So now, all of you who have read the book, I want to hear what you think. And those of you who haven’t read it, think about the dialog it’s creating in the Christian community. Sacrilege, heresy, a breath of fresh air, or the best book ever, I see it opening up a conversation that was skimming beneath the surface for a long time. Who is God really? What’s he really like? And what does he really want from us? What’s required? And can we talk about this in fiction, or do we need to keep it strictly within Bible studies and church?

I think talking about this here may help us figure out some things, mainly, what is happening in CBA and some of the ways in which this book is creating a sea change for the way the gatekeepers do business.

Remember, there are no bad comments when phrased as a question. So let your voice be heard.

The Shack “Too Edgy” for Christian Publishing

Long have I bemoaned (in an apparent vaccuum) the sad state of Christian publishing. As an editor at one of the larger Christian publishing houses makes me something like a pastor complaining about the state of the church. But I've slowed down on the frequency of my whining for several reasons, primarily because I started to see it as futile. Those who want to hear it already agree, and those who don't aren't going to be convinced by me. How many publishers are appropriating the world's values and being motivated by things other than God's glory? I don't know. And I certainly don't want to be the one to say whose standard of measurement we should be using. I'm no spiritual or literary standard bearer. I believe in high standards, but those are mine alone.

And what I found was that my moaning about the kinks in the system, the low quality, and the low moral standards, only served to encourage and perpetuate those spreading ill will and their own vindictive agendas against the Christian establishment. They carry grudges about the church that did damage to them which gives them license to judge the judgers and turn the cause for high standards into a finger-pointing, self-seeking vendetta.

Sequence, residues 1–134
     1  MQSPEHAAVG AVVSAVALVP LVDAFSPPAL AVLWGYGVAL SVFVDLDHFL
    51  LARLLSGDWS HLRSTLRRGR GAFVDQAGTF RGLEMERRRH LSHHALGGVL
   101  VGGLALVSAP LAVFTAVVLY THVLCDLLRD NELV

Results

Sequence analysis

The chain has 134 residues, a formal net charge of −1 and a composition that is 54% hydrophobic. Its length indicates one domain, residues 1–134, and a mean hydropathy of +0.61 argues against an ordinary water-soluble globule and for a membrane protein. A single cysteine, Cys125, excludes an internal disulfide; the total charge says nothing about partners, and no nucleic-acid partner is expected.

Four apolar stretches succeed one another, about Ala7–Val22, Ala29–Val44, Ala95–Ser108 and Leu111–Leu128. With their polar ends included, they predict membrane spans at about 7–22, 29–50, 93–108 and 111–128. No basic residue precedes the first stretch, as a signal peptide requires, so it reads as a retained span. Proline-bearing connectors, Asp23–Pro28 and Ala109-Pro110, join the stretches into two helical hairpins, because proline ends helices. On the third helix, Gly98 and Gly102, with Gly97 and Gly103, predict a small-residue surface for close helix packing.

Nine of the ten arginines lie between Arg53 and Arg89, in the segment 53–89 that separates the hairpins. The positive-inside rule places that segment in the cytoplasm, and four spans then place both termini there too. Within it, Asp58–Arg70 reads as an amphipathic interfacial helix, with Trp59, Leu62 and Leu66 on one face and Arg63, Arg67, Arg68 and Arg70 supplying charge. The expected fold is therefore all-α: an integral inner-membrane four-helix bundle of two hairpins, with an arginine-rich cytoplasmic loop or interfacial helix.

How do I know? Look at my past. I share the justifications.

So I stopped whining. I found value in the all-too-human failings of the industry cogs. I started to see with more compassion. We're all  in the same big happy family here, folks. When I claim Christ and don't act in love, I'm a hypocrite. When I forget the industry is actually sincere souls slaving to make a difference, I become a clanging gong. 

There are problems in here. We can't ignore them and allow them to define us. Some of them stem from a love of the world's system, the celebrity effect, greed, selfishness, and power plays that have no place in the true kingdom. That hasn't changed. But The Shack is a change. I wanted to title this post "The Shack Shake-Up" because the book is shaking things up. At his website, the publisher of The Shack, Wayne Jacobsen says it well: "The Shack offers as engaging a look at the reality of God in the midst of human tragedy as any we’ve ever read and can stimulate hours of discussion about spiritual life." I agree. It tested my literary sensibilities, but it excited me at the same time.

It was too edgy for Christian publishers. Reputations would be at stake. Relationships would be threatened. And there were good reasons for that. It's "theologically questionable," bordering on universalism, or at least universal reconciliation. And as my wife pointed out, there's something a little strange about the way Jesus and Papa interact that's "ooky." 

But no one in Christian publishing can deny the power of over 4 million in print and still continuing to grow. In the words of another recent bestselling spiritual book, it is A New World.

I'm going to explore that a little over the next few posts, so I hope you're ready to come on back for a good, old-fashioned water cooler discussion as we look at the impact and significance of this book and the Christian book industry that has yet to figure out how to respond.